Steakhouse is a snug family affair

Walk into The Snug on a Friday night, and you’ll meet some friendly people hanging out at the bar. Come back another Friday, and they’re likely to be back, too.

“It’s the same crowd every week,” said Kay Bentley, as her husband, John, and son, Chris, nodded and laughed. “They come back every Friday.”

“We have a great bunch of customers who are very loyal,” John said. “They’ve been coming for years. But one of them went to that new steakhouse out in Evans and when he came back, they just gave him the hardest time — made him sit by himself for a little while. The bartender asked him, ‘Are you new in town?’”

But whether their kids grew up with yours, or you’re new in town, the members of this family affair will greet you with equal warmth and a basket of fresh-baked bread.

The Bentleys opened The Snug in 1992, painted the exterior and sanded and varnished all of the wood interior surfaces themselves. They added on to the restaurant with The Cubhouse, which served mainly fish and fowl.

The Cubhouse has since transformed into a reservation-only banquet hall, but, for 15 years, the Bentley family has prospered. John and Kay’s four sons — Birk, 40; Chris, 38; Alex, 24; and Colin, 22 — have all grown up in the restaurant. They’ve all stayed close to Mom and Dad, working in what has become the family business.

“When you come in, she’s likely to seat you,” said Chris, gesturing to his mom. “I’ll cook your steak.”

“And I might bus your table,” John chimed in.

Birk works in the kitchen with Chris, and Alex and Colin run The Cubhouse. You might even see one of Chris’ two children taking plates back to the kitchen, although you’re more likely to see the two stealing brownies from the back.

And yet, somehow, they all manage to stay off each others’ nerves.

“If we were all out front managing, it might be different. But we all do our own things,” John said. “We know our jobs.”

They don’t take vacations until they can close down for a week or so, because there wouldn’t be enough cooks. About their only employees are a part-time banquet chef and the wait staff.

So for 15 years, almost non-stop, they’ve been serving up some of the finest original recipes in town. Admittedly, the menu has changed over time, reflecting the shifting of culture and of customers’ palates. The selection has narrowed, focusing on their tried-and-true bestsellers: big, beautiful hunks of juicy meat. But there’s still something for everyone: salads, seafood and pasta, for example. The food is good, and there is plenty of it, as they like to say.

“My favorite is the Black and Blue,” John said. “When we first started, we sold maybe two a week. Now we can’t cook enough of them.”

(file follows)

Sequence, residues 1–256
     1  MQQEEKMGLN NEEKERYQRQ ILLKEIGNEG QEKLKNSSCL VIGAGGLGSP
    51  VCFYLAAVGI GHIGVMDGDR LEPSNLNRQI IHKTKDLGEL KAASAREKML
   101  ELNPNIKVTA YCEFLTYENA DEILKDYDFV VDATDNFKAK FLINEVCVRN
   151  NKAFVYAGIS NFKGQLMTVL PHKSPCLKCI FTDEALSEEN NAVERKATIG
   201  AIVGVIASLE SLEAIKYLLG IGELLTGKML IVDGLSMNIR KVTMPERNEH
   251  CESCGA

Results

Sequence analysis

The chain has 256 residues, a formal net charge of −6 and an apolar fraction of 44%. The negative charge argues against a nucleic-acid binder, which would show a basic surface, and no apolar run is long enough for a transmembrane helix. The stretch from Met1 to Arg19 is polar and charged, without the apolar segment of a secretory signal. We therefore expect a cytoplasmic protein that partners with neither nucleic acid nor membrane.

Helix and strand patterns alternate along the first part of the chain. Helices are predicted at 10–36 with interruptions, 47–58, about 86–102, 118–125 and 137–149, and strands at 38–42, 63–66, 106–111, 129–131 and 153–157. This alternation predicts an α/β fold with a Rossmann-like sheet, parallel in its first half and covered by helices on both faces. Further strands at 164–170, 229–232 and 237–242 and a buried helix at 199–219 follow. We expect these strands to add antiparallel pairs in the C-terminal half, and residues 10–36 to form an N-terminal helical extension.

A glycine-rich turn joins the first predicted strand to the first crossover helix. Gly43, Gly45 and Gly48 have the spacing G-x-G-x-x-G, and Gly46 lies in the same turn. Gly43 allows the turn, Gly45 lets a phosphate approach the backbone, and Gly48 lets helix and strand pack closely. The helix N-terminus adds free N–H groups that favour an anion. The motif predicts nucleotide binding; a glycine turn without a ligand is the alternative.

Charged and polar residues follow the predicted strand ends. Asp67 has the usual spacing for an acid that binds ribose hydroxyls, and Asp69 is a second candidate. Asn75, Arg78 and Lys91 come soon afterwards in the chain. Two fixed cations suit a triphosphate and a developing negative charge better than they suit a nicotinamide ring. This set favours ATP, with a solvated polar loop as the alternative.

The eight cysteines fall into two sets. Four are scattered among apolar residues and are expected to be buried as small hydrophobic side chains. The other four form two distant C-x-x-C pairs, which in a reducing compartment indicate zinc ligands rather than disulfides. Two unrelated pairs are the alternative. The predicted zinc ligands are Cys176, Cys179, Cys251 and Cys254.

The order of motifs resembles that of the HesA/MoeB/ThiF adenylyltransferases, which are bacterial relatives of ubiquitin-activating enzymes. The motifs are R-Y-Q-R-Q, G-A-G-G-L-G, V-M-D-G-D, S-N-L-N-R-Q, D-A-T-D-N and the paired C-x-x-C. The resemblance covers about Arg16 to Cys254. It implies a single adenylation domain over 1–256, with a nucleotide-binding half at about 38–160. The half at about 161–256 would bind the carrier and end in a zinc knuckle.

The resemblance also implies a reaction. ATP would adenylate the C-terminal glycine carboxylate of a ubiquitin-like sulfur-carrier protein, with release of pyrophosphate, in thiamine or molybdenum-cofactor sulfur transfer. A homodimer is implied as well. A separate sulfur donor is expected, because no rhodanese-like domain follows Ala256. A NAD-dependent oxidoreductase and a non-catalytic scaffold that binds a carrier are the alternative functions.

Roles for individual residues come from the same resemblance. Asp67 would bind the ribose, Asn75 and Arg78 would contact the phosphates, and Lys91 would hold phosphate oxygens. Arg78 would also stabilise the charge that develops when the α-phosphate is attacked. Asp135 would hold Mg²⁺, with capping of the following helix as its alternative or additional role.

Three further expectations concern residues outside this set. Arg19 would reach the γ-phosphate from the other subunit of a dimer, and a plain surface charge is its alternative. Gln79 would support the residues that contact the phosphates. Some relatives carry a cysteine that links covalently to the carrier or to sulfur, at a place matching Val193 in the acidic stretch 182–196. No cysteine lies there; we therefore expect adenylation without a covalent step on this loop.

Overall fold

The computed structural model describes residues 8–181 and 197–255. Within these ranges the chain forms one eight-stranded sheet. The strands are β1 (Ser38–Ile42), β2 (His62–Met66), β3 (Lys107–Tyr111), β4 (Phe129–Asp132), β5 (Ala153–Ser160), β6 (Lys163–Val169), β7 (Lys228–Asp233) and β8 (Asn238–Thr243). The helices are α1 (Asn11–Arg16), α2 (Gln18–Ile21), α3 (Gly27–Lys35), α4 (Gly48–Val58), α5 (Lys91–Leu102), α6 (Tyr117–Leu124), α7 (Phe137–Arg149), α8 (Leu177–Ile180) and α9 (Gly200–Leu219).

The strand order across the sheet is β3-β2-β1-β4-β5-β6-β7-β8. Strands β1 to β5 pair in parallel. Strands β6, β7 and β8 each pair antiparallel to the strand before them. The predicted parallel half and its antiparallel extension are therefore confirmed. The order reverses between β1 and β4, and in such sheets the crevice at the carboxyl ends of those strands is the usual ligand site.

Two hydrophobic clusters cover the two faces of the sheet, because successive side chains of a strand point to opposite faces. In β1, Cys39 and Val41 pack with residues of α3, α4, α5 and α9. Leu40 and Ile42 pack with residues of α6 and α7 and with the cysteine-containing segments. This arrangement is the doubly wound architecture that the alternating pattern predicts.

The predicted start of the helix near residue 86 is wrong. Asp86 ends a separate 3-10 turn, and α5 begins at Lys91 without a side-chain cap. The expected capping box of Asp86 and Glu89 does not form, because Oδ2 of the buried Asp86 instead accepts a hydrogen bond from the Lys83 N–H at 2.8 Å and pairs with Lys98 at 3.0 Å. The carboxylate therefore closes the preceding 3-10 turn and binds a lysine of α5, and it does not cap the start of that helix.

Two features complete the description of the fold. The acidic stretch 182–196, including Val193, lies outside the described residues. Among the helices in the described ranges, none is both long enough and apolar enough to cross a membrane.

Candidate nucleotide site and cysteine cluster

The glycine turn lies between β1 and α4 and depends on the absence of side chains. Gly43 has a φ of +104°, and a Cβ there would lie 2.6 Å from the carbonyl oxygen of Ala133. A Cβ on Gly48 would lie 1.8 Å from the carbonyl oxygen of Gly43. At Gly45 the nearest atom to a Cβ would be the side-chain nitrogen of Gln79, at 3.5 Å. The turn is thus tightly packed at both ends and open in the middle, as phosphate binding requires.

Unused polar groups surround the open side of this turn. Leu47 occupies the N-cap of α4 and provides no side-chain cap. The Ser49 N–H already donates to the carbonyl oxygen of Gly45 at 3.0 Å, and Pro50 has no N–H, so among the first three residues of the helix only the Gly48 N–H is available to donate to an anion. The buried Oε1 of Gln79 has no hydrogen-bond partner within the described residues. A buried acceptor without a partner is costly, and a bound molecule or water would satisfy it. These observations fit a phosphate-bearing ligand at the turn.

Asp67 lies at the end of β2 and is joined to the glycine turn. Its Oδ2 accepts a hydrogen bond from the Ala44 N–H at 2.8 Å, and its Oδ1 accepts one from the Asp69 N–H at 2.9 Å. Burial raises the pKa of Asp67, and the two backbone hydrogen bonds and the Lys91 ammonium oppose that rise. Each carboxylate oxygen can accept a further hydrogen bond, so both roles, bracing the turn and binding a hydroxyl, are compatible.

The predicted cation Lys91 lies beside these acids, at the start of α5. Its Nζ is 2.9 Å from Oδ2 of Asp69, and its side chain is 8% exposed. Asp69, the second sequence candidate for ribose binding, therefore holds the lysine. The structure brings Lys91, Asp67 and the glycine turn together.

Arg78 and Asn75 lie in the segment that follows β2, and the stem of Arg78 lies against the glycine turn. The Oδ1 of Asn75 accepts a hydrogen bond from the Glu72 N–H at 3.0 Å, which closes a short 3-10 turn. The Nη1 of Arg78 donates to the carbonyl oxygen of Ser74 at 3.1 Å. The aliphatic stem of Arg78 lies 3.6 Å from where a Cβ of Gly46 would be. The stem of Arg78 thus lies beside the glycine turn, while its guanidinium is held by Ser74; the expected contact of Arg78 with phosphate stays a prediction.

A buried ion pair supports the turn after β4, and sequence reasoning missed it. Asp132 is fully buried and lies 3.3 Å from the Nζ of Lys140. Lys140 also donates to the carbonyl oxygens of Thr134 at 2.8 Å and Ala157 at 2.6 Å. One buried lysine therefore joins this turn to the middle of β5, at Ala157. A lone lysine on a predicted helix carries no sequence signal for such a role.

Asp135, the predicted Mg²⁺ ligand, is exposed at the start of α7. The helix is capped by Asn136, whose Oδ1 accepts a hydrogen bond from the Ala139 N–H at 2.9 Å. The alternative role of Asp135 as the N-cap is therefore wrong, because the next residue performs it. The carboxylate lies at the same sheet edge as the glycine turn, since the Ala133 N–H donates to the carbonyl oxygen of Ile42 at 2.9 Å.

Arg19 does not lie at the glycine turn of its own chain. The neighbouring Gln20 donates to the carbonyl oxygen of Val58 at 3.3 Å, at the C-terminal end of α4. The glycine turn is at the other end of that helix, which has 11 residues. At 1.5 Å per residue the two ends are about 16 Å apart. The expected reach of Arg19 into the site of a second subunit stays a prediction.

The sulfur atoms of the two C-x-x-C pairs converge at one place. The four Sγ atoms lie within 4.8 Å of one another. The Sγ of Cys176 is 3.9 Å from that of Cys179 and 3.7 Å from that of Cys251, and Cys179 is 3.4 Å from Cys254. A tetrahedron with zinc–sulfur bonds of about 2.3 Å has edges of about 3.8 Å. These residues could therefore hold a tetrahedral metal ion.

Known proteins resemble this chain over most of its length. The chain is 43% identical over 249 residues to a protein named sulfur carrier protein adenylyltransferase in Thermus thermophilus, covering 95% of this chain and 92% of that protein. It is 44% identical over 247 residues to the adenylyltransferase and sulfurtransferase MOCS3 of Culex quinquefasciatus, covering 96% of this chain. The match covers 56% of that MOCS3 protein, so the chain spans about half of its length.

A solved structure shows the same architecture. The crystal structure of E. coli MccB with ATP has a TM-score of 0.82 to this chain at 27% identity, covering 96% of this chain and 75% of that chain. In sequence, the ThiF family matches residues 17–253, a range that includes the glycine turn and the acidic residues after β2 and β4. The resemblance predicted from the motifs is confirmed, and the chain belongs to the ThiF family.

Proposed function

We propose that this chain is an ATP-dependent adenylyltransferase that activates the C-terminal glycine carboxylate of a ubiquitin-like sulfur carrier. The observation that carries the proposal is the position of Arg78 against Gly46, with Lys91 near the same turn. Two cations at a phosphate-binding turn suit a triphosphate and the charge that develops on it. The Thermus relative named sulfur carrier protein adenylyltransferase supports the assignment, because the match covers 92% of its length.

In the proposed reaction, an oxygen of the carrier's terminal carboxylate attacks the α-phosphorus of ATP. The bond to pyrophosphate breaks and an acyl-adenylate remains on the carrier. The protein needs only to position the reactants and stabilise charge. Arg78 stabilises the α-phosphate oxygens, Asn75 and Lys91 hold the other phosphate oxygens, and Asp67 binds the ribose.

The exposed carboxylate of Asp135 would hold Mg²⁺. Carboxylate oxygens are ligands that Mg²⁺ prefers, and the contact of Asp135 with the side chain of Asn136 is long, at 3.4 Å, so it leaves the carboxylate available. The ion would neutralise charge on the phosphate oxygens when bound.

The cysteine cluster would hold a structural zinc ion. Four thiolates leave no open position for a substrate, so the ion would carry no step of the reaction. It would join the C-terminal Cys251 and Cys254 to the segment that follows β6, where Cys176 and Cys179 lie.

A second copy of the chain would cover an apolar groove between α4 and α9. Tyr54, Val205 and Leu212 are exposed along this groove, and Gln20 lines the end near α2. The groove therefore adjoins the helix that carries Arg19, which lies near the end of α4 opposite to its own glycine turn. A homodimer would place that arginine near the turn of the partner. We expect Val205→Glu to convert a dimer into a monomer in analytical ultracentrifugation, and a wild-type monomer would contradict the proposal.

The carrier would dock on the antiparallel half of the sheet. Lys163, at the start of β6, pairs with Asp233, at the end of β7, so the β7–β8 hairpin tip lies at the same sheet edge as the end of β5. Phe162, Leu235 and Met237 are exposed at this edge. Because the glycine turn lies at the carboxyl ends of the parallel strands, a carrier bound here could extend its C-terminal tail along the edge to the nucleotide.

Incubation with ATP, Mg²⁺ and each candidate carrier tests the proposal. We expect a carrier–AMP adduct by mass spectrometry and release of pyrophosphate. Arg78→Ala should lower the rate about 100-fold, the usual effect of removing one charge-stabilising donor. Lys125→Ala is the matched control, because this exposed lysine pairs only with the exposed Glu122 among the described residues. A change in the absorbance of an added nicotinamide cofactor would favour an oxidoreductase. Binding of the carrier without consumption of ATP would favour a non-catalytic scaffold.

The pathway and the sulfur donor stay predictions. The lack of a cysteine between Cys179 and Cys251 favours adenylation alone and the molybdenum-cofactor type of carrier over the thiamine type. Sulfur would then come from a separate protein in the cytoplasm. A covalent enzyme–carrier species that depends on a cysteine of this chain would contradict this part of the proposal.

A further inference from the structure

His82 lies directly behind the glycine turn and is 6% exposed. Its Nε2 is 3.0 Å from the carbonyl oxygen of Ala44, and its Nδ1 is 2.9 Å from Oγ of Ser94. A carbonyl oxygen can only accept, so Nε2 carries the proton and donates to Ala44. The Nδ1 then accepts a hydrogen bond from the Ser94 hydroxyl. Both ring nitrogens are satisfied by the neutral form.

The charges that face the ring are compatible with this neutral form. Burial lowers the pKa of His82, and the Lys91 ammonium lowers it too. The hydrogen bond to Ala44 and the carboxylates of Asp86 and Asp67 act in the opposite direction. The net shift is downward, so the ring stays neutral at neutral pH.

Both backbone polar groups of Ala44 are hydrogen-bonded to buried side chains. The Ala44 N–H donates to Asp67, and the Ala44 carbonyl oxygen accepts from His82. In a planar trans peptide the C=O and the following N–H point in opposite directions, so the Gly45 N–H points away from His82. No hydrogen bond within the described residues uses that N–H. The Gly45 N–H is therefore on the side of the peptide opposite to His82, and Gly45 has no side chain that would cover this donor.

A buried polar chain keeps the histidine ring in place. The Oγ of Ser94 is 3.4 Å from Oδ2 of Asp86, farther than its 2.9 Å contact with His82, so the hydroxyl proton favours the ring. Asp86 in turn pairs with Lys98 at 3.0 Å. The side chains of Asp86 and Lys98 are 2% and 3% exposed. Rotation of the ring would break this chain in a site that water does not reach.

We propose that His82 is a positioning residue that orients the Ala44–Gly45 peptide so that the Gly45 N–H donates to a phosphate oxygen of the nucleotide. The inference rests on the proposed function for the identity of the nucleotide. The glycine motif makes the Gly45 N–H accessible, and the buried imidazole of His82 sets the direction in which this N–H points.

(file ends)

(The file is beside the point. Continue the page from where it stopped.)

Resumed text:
The dish is a hand-cut-to-order, aged Angus beef filet topped with blue cheese crumbles and a blueberry and port wine sauce made from blueberries, spices and quality port. It sounds different, because it is. But it’s also an addictive blend of sweet and savory punctuated by the tang of the blue cheese and the richness of fortified wine.

But they’ve also had customers wait patiently through a two-hour wait for their cheeseburgers. Granted, it was on Valentine’s Day, where a two-hour wait is expected. But the patrons left, pleased, with a promise to return.

The Bentleys chalk that kind of patience up not just to what you can see and feel — the service, the atmosphere, the presentation of the food — but also to what customers will probably never see.

Everything is made in the restaurant: bread, soups, salad dressings, sauces, vegetables and their popular mashed potatoes. Their blue cheese bacon butter and feisty feta sauce are often attempted but never duplicated by residents at home.

Give up, people. It’s never going to be the same because John, Birk or Chris cut every steak to order on a cutting board from the giant slabs of beef stuffed into The Snug’s walk-in cooler. Nothing is pre-cut. They don’t even wrap the bacon around a customer’s filet until the order comes back to them.

And then there’s the equipment. They gush over their Thermal Engineering Corporation super-fancy high-tech grill like car enthusiasts spout off engine specs. There are big words like “infrared” that describe the technology behind it, but the effects are basically that this grill cooks cleaner, chars less, never burns, casts out demons and juliennes fries! Or, at least, three out of five of those options. Perhaps a more exclusive model comes with a priest and a potato peeler.

“It doesn’t matter, because we never burn anything anyway,” John laughs, with pride. It’s satisfaction that’s well deserved. The Bentleys have seen the Davis Road area explode with corporate competition. They’ve also weathered traffic-diverting road expansions, market changes and raising four boys. It’s enough to drive a family crazy, but it drove the Bentleys closer.

Now the road construction is complete, and the movie theater is just around the corner. Stop by sometime. There’s a crowd of regulars waiting to welcome you.

The Snug Tavern & Grill
240 Davis Road
Mon.-Thur., 4:30-9:30 p.m.
Fri.-Sat., 4:30-10 p.m.


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